Korea’s National Pension Service (NPS) is taking a more active approach to its fixed income and alternative investments by cutting the outsourced percentage of foreign bonds and establishing a dedicated investment team for private equity and debt.
The pension fund revealed the initiative at end-August, at the same time as it disclosed that its assets under management (AUM) had reached W908.3 trillion ($780 billion) by the end of June, surpassing W900 trillion for the first time, after a global stock rally fueled a 7.49% return in the first half of this year.
By the end of 2022, NPS wants to have cut the percentage of its foreign bonds managed by outsiders from 53.5% to 40%. It expects the plan to save W13 billion ($11.2 million) in annual costs, its fund management committee said in a meeting with Korea’s Ministry of Health and Welfare on Aug 25.
NPS has expanded internal capacity to realize the plan. In January, it expanded the overseas bond office by setting up two new teams for overseas bonds and credit respectively, the committee noted.
It also plans to create, possibly by as soon as the end of September, a dedicated team to manage private debt and secondary deals, a spokesperson told AsianInvestor. Local media reported that the team will be called the alternative strategy and investment team, and will be part of the private equity and venture capital investment division.
NPS’s latest disclosure on Aug 25 showed that its management and operating expenses had shot up by more than a fifth (21%) in four years, from W577 billion in 2016 to W697 billion in 2020. Expenses for the first half of this year have already reached W365 billion.
As well as a cut in fees, NPS hopes more active management of foreign bonds will help it achieve higher returns and more liquidity, should it need to respond quickly to any sudden market fluctuations by selling stable assets and buying cheap overseas stocks and alternative assets.
The pension fund’s foreign fixed income positions – a total of W52.4 trillion - accounted for 5.8% of its AUM at the end of June. These were made up of government bonds at 43.8%, followed by 24.1% of corporate bonds, 17.7% of government-related bonds, and 14.4% of securitized debts.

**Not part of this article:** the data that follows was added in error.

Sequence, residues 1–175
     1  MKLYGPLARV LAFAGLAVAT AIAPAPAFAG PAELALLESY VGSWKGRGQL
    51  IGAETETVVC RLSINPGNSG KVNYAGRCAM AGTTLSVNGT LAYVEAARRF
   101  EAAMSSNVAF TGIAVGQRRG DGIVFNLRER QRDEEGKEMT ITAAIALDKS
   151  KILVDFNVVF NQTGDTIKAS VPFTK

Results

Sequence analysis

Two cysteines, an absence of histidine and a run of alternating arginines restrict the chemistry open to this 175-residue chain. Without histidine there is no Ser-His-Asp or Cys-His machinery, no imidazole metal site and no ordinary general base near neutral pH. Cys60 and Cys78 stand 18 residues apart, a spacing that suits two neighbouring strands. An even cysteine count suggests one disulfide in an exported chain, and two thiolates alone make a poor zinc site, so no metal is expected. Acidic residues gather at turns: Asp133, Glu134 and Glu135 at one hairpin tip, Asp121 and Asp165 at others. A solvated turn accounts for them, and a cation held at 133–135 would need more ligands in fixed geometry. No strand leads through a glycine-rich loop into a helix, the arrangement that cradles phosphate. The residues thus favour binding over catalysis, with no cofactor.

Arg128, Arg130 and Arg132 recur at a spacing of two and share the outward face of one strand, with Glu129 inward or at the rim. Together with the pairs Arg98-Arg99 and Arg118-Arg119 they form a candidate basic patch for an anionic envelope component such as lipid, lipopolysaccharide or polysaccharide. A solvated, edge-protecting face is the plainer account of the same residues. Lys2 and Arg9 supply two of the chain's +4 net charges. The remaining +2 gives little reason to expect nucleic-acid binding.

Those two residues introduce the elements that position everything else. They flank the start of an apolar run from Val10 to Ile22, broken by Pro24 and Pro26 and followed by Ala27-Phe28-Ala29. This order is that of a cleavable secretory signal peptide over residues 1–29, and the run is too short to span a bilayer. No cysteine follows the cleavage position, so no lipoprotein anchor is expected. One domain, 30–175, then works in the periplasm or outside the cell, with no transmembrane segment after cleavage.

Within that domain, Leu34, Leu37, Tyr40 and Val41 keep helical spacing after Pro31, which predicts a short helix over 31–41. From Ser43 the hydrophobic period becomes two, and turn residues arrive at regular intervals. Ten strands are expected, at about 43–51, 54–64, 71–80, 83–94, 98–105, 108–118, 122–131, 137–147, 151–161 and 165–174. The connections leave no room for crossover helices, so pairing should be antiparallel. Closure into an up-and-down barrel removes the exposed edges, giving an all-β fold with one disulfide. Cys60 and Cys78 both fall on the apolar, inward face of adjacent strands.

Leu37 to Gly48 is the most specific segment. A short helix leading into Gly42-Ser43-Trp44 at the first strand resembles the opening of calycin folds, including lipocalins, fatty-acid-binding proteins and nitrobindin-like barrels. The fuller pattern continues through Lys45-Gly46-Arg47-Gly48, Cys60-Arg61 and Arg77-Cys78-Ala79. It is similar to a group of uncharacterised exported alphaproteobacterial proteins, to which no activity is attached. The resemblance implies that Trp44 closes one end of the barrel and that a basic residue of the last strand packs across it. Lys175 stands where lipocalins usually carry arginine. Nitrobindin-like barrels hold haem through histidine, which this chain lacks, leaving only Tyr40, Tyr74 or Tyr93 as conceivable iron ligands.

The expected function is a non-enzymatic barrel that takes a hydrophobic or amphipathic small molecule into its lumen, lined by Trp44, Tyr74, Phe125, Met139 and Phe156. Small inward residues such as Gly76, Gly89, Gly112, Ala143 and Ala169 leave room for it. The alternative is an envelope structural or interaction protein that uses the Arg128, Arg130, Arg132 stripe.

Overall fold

Over half of these assets were managed by 16 companies as of end-June. They include Brandywine, Macquarie, Franklin Templeton, Morgan Stanley Investment Management, PIMCO, Prudential, Allianz Global Investors, TCW, World Bank, T. Rowe Price, and J.P. Morgan Asset Management.
“NPS’s internalisation of overseas bond management is in line with industry trends,” said Diego López, managing director of Global SWF, a data platform that tracks sovereign wealth funds and public pension funds.
“State-owned investors are trying to compensate for their focus on private markets, which are normally externally managed, with tighter control of their investments in public markets. As a result, an acceptable level of fees can be paid to external parties in alternative investments instead,” he told AsianInvestor.
HARD TO GO ALTERNATIVES
As of end-June, 170 asset managers were responsible for managing NPS’s near-W70 trillion of overseas alternative investments, the fund disclosed on Aug 25.
Its move to launch a dedicated private debt and equities team came after it began a program to hire 54 investment managers in April, with about half of positions on private markets.
NPS’s alternative assets only accounted for 10.7% of AUM at the end of February, and fell further to 10.4% by end-June, despite an increase in the amount from W90.7 trillion to W94.6 trillion ($81 billion).
In 2017, it set a target of raising alternative assets to 15% of the portfolio by 2022. The deadline has since been extended to 2025, with a new goal of 13.2% by the end of this year also in place.
In its latest public filing, NPS attributed the decrease in the proportion of alternative investments to “poor execution and public assets overweight”.
Like most pension funds, global equities were the best performers in NPS’s portfolio in the first half, with foreign equities returned 17.7%, and domestic securities gained 15.6%, both beating the KOSPI (up 14.7%) and MSCI ACWI ex-Korea (up by 12.9%) benchmarks.
On the other hand, alternative assets only returned 4.97%, most of which were interest, dividends, and transaction gains. Overseas fixed income contributed 2.27% with a rise in the won-dollar exchange rate, while domestic bonds suffered 1.16% of loss.
“Bear in mind that the financial markets are at all-time highs, which means that the value of equities keeps increasing and decreasing its relative weight in the overall pie is even more difficult,” Global SWF’s López said.
“If NPS manages to deploy enough capital, and the financial markets suffer a significant correction, the year-end goal might still be achieved, but it does sound challenging,” he noted.